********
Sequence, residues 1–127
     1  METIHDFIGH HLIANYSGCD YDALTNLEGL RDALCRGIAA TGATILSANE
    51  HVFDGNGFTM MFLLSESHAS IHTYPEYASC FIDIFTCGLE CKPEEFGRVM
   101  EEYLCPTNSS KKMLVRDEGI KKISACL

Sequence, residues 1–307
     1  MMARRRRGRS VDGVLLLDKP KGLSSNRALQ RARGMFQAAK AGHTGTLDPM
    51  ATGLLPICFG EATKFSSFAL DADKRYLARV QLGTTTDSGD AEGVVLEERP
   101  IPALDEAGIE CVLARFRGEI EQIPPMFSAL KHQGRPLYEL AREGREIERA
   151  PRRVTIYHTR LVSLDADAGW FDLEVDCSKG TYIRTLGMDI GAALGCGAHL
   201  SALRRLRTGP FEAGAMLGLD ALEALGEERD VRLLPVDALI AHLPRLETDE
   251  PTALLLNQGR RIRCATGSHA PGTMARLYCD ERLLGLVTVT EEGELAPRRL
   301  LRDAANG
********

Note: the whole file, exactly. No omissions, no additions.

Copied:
Sequence, residues 1–127
     1  METIHDFIGH HLIANYSGCD YDALTNLEGL RDALCRGIAA TGATILSANE
    51  HVFDGNGFTM MFLLSESHAS IHTYPEYASC FIDIFTCGLE CKPEEFGRVM
   101  EEYLCPTNSS KKMLVRDEGI KKISACL

Sequence, residues 1–307
     1  MMARRRRGRS VDGVLLLDKP KGLSSNRALQ RARGMFQAAK AGHTGTLDPM
    51  ATGLLPICFG EATKFSSFAL DADKRYLARV QLGTTTDSGD AEGVVLEERP
   101  IPALDEAGIE CVLARFRGEI EQIPPMFSAL KHQGRPLYEL AREGREIERA
   151  PRRVTIYHTR LVSLDADAGW FDLEVDCSKG TYIRTLGMDI GAALGCGAHL
   201  SALRRLRTGP FEAGAMLGLD ALEALGEERD VRLLPVDALI AHLPRLETDE
   251  PTALLLNQGR RIRCATGSHA PGTMARLYCD ERLLGLVTVT EEGELAPRRL
   301  LRDAANG